Superfund 101

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The threats that toxic waste sites pose to human and environmental health are serious and urgent, and research done on Superfund site cleanup has shown that proper cleanup can mitigate the risk of serious health issues and help revitalize ailing local economies.
However, the program went bankrupt after the Polluter Pays Fees expired in 1995. With limited funds the program has limped along for decades. Today we have a chance to pass legislation that would reinstate the polluters pays fees and protect public health and the environment through a robust clean-up plan.
The Comprehensive Environmental Response, Compensation, and Liability Act (CERCLA), more commonly known as Superfund, was passed in 1980 in response to the Love Canal disaster in New York and the Valley of the Drums in Kentucky, with the ultimate purpose of addressing the serious threat to public health that toxic waste sites pose via cleanup of the sites; the entity responsible for seeing out this purpose is the Environmental Protection Agency (EPA). There are three main ways in which cleanup can occur: (1) the party responsible for pollution is identified and then tasked with cleaning up the site, (2) the EPA cleans up the site using money from the established trust fund and then recovers the cost incurred from cleanup from the responsible party, and (3) in orphan sites – sites where the responsible party no longer exists or has been found to no longer be liable – the EPA pays for the cost using money from the established trust fund.
When CERCLA was initially enacted, this aforementioned trust fund was created using money collected from Polluter Pays Taxes – taxes that were imposed on oil and chemical companies. In 1995, Congress allowed these taxes to expire. As a result of this expiration, this trust fund (that had at one point generated almost $2 million per year between 1993 and 1995) was completely deplete of funds by 2003. Without Polluter Pays Taxes, the Superfund program has fallen into a financial shortage and become less effective at cleaning up sites. Additionally, the program has become reliant on taxpayer dollars for funding, with the GAO reporting that 80% of Superfund costs were funded by general revenue between 1999 and 2013.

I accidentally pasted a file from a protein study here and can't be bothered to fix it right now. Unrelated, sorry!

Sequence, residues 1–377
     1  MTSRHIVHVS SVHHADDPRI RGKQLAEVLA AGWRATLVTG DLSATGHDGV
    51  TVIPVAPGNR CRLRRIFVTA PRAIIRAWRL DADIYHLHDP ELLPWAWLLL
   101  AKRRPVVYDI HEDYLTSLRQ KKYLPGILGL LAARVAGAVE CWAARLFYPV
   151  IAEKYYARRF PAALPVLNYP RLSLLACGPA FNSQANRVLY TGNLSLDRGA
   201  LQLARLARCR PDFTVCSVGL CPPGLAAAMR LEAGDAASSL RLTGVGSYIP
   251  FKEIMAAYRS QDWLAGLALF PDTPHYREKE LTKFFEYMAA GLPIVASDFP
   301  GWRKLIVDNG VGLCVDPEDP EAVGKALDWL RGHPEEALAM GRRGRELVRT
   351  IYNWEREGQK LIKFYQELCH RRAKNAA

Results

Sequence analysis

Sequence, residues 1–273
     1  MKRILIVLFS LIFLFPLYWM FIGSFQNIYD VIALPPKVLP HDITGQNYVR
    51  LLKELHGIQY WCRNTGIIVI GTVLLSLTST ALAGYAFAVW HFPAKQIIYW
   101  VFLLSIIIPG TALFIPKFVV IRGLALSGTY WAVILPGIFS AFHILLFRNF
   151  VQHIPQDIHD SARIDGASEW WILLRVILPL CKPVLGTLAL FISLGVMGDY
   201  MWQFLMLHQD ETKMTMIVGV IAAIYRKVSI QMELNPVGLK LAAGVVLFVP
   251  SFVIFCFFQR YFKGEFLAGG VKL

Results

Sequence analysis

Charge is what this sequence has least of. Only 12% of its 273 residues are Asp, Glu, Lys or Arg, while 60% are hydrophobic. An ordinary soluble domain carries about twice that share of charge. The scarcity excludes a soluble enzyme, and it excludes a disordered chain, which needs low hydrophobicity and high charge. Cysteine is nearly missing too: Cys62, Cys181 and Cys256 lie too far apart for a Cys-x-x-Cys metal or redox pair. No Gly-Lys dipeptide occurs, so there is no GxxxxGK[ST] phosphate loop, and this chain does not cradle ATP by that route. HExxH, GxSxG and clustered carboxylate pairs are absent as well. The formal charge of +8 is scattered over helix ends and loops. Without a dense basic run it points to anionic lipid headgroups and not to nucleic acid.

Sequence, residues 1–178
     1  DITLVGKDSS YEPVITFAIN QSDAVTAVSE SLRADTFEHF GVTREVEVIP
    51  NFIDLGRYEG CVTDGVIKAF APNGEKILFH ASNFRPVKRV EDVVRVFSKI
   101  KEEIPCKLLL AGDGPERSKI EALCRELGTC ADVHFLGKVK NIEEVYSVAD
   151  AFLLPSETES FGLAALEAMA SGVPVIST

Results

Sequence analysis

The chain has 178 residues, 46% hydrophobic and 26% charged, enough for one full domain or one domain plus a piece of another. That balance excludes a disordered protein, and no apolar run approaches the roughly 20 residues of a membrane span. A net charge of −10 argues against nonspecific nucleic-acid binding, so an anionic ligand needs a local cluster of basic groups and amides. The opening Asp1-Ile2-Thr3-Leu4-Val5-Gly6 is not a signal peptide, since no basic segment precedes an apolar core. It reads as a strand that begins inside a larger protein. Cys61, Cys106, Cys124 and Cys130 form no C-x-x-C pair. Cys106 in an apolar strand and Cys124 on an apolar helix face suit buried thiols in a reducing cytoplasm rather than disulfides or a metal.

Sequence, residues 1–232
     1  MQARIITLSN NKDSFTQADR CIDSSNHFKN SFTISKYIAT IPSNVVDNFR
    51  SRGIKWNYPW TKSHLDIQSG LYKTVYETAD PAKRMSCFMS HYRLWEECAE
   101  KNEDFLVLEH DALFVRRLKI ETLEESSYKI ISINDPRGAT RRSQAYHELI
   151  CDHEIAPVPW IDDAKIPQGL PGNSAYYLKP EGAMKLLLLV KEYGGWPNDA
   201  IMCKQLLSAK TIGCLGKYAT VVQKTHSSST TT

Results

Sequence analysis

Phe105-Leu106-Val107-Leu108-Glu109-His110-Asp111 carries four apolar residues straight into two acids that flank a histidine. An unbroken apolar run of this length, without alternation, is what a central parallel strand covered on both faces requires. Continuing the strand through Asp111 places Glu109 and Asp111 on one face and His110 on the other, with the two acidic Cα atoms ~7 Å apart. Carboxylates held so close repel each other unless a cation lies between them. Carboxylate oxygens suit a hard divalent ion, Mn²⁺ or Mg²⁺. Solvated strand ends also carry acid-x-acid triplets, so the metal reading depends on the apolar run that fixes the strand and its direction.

This same GAO report also outlines the ways in which the Superfund program has suffered since the fund ran out of Polluter Pays Tax money. Between 1999 and 2003, there has been a 37% decline in number of remedial action completions, an 84% decline in number of construction completions, and a significant increase in time taken to complete each project (from 2.6 years to 4 years). Based on these findings, not only are taxpayers now paying for the Superfund program, but they are paying for a less efficient Superfund program.
This program is essential to cleaning up contaminated land and mitigating exposure to toxicants, and while Scott Pruitt’s EPA has made clear that they would like to give more focus to Superfund, it’s difficult to give the Superfund program the true attention it needs without proper financial backing. Many legislators have attempted to introduce bills that would reinstate Polluter Pays Taxes, however these attempts have been so far unsuccessful. The most recent attempt made by Senator Cory Booker (D-NJ), entitled the Superfund Polluter Pays Restoration Act of 2017, would reinstate and raise the Hazardous Substance Superfund financing rate; no actions have been taken on this bill since its introduction.
It is urgent that everyone calls their legislators and ask them to support the Superfund program. Please take a moment today to contact your representatives and ask them to sign onto Senator Booker’s Superfund Polluter Pays Restoration Act of 2017 (S. 2198).

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